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The Diverse World of Dark Lagers

Not all dark beers—and most especially not all dark lagers—are the same. Take some time to parse the different dark lager styles out there and consider not only how they differ but also how we can modify our brewing approaches to produce them.

Josh Weikert Jul 3, 2019 - 12 min read

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Despite the common, proverbial warnings about what happens when you assume, “assuming” isn’t an inherent evil. Our prior experiences, our knowledge, and our biases influence our expectations, and in many situations, those expectations are perfectly reasonable.

The sun is out—I probably need sunglasses. There’s a car coming toward me—it will probably stay on the right side of the road. My Philadelphia Eagles are playing—they’ll probably blow a fourth-quarter lead. Without those everyday kinds of shortcuts, we’d be too busy, terrified, or exhausted to get much productive activity out of our lives. Some assumptions, though, aren’t efficient—they’re just lazy.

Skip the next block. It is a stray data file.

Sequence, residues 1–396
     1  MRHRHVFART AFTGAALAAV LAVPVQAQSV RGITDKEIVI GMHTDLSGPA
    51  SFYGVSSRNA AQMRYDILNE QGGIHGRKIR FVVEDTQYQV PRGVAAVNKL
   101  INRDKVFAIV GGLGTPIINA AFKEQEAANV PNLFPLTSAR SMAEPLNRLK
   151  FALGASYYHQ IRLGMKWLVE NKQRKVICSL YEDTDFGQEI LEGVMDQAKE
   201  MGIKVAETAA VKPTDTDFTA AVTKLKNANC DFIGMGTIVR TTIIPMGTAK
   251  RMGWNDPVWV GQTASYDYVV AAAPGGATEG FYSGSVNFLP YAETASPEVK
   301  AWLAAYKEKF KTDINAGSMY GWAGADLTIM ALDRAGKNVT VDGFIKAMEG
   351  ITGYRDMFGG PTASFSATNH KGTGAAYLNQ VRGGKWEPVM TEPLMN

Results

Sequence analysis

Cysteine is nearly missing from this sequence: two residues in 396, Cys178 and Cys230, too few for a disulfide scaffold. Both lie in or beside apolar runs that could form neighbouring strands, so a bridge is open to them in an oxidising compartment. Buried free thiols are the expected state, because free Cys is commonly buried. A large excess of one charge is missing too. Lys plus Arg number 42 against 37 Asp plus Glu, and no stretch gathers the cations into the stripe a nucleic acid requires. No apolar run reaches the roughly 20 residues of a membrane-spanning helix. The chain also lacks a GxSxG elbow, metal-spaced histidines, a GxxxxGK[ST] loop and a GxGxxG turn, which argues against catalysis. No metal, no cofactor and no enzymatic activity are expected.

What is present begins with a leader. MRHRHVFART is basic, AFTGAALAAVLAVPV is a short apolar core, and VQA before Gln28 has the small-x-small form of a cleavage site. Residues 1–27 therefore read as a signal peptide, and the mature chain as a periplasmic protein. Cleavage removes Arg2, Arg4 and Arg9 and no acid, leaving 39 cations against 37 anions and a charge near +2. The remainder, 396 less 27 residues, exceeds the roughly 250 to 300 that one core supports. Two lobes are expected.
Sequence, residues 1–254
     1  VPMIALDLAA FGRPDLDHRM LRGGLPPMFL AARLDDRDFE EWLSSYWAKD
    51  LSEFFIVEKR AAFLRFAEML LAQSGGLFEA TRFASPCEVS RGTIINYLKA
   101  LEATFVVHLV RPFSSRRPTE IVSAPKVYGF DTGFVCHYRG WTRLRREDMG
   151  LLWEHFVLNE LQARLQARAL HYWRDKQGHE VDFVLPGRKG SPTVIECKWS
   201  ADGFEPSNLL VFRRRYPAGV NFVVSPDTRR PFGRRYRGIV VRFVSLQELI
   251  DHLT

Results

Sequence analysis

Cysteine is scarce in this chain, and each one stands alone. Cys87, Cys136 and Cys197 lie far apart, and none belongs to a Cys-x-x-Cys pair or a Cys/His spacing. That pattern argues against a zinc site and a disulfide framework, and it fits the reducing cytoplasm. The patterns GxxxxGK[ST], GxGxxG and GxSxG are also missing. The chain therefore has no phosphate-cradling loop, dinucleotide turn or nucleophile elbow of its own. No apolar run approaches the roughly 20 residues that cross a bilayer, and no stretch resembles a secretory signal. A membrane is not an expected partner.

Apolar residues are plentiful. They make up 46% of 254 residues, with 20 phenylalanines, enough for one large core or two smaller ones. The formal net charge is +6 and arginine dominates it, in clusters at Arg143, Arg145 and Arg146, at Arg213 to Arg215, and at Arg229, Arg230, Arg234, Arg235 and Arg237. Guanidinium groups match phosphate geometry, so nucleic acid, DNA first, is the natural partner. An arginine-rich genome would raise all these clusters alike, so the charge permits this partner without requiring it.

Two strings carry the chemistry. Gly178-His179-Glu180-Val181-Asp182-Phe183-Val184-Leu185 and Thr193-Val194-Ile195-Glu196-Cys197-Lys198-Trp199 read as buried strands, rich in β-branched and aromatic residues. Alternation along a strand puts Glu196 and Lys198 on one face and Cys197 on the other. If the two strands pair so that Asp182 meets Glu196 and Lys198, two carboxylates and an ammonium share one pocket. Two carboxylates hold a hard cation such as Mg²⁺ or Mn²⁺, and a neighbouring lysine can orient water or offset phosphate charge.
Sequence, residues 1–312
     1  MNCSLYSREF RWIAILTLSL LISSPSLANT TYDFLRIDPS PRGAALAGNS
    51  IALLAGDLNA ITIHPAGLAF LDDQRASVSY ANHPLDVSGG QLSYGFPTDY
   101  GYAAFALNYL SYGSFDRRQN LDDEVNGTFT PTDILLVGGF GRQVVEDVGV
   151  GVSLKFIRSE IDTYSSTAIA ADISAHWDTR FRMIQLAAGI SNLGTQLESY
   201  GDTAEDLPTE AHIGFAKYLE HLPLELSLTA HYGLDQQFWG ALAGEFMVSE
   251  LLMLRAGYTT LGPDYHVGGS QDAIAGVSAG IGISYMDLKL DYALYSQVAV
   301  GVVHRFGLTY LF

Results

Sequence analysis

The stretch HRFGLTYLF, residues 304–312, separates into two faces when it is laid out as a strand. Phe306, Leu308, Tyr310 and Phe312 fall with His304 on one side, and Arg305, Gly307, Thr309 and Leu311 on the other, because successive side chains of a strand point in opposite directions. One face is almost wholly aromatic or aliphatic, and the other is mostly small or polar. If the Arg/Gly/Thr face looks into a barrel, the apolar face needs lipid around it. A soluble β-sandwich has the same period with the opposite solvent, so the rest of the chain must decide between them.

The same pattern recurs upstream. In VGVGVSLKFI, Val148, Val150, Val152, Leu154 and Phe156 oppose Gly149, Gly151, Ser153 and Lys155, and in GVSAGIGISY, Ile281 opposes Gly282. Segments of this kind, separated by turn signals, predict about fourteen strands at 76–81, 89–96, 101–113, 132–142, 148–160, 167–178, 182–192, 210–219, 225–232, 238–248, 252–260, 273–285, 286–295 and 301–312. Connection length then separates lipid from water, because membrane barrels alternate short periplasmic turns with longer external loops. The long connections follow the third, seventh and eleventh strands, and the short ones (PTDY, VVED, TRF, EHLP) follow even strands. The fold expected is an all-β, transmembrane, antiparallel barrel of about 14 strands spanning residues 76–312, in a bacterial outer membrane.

For example, people make all kinds of assumptions about a beer, just by looking at its color. But not all dark beers—and most especially not all dark lagers—are the same. They represent different approaches, flavor profiles, histories, and styles. They deserve more than our lazy assumptions, such as “it’s dark, so it’s probably roasty.” That might be true of stouts and porters—though there, too, I recommend developing an appreciation for nuance—but when it comes to dark lagers, that kind of stereotyping is more likely to be wrong than right.

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